Since I last wrote about selling the DCU Center to help us deal with the upcoming Municipal Fiscal Armageddon headed our way in 2017 or 2018, the city has crossed a budgetary bridge and trekked even closer to doom.
In case you forgot, Municipal Fiscal Armageddon begins when our excess tax levy capacity disappears and the City Council is no longer able to merely set tax rates to fund the submitted budget. No, now the City Council will be faced with a revenue deficit and will have to make cuts to balance the budget.
One would think this might make the current City Council very careful on spending and seriously consider major budget cuts now. As far as I can tell, though, this does not seem to be the case. Instead it looks like we will be building a skybridge (elevated walkway) to connect the DCU Center, the Hilton Garden Inn and the Major Taylor Parking Garage.
More of Randell’s thoughts on the convention center:
Back in 2003 the city promised to build this skybridge to attract a hotel developer, but reneged on this promise after the hotel was built. Since then the owners of the hotel pursued legal remedies and recently received the verdict that they wanted. Now the city of Worcester will need to build the skybridge, although it may try again in court, in February, to delay the project.
The reason the city may continue the fight is because of the cost: what was “$3 million to $4 million” in 2003, had grown to $7 million to $8 million by 2007 and is now estimated to take up a “large portion of the $25 million” that had been budgeted for the last round of DCU Center improvements.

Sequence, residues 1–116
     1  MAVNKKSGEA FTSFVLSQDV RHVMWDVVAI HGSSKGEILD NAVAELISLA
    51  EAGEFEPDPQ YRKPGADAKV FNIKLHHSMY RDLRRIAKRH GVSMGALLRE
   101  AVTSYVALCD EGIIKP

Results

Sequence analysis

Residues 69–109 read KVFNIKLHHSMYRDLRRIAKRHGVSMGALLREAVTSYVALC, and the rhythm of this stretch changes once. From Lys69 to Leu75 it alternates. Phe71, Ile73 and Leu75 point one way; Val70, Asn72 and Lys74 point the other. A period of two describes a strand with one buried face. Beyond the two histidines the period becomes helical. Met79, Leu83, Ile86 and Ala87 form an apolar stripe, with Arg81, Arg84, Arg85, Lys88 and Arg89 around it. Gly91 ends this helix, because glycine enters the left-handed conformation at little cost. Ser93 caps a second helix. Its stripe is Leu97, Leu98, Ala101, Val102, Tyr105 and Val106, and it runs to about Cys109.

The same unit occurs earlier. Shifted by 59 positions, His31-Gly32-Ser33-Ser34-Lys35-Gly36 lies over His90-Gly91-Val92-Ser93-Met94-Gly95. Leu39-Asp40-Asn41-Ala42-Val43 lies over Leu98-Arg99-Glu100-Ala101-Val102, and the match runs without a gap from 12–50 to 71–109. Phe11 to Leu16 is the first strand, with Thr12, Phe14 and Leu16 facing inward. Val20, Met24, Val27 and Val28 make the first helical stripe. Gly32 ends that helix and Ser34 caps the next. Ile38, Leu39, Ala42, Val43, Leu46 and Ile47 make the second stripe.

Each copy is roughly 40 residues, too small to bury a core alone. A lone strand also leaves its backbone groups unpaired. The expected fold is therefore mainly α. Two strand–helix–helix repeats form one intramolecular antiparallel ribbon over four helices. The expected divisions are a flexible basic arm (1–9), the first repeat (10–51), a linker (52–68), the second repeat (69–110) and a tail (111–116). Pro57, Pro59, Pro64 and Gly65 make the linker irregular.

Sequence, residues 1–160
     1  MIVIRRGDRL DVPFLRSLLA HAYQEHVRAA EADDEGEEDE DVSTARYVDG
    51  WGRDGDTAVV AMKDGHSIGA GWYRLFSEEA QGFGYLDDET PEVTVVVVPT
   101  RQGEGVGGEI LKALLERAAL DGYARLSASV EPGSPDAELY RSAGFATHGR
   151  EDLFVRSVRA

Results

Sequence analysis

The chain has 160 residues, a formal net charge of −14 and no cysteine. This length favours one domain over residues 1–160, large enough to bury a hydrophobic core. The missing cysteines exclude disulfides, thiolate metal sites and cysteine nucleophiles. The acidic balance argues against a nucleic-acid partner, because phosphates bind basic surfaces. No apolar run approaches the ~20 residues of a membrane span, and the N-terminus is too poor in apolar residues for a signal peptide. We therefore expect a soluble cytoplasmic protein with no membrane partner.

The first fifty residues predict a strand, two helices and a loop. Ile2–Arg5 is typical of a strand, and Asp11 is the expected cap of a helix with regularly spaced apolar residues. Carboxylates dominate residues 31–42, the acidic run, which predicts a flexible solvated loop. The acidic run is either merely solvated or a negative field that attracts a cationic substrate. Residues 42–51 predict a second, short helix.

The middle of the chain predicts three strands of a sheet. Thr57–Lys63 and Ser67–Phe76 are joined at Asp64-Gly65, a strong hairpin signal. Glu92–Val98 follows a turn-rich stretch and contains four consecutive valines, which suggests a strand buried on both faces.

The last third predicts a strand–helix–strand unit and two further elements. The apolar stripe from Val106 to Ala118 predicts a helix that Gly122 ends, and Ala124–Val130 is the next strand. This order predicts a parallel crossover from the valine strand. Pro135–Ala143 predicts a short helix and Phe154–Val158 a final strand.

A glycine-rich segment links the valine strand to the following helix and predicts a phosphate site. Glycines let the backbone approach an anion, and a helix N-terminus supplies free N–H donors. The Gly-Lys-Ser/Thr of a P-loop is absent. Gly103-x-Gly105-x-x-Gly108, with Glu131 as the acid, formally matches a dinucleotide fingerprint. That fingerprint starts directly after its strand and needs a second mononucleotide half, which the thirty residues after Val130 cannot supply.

Did I mention the $100,000 in recent flood damage at the DCU Center, which may end up being much more if National Grid makes the city pay for the two blown transformers that were also damaged?
At least we make money on the DCU, right?
Wrong. More than $2,000,000 has been spent or will be from the General Fund to subsidize the DCU between 2015-2017:
- 2015 actual subsidy from the General Fund = $904,188
- 2016 estimated subsidy from the General Fund = $490,164
- 2017 estimated subsidy from the General Fund = $470,494
Instead of trying to delay the inevitable in court, maybe the city should spend its time seriously considering if it belongs in the convention center business in the first place, especially in light of the impending financial crisis?
There is no better example to follow then what happened with Worcester Regional Airport and Massport. The Massachusetts Convention Center Authority could do the same, exact thing with the DCU. The time to look into this is now, before we spend millions on a skybridge.
We cannot afford to be in non-core business like airports, hospitals, nursing homes, convention centers or, for that matter, train stations and parking garages. Let me say it again, we should try to sell the DCU Center, stop the annual subsidies and return local taxes from the District Improvement Financing account back to the General Fund.
Bill Randell started and operates the local news website Worcester Herald, and is the owner and author of FlyORH, a website dedicated to Worcester Regional Airport. He is also president and founder of Worcester-based businesses Advantage Benefits Group and ABG Real Estate.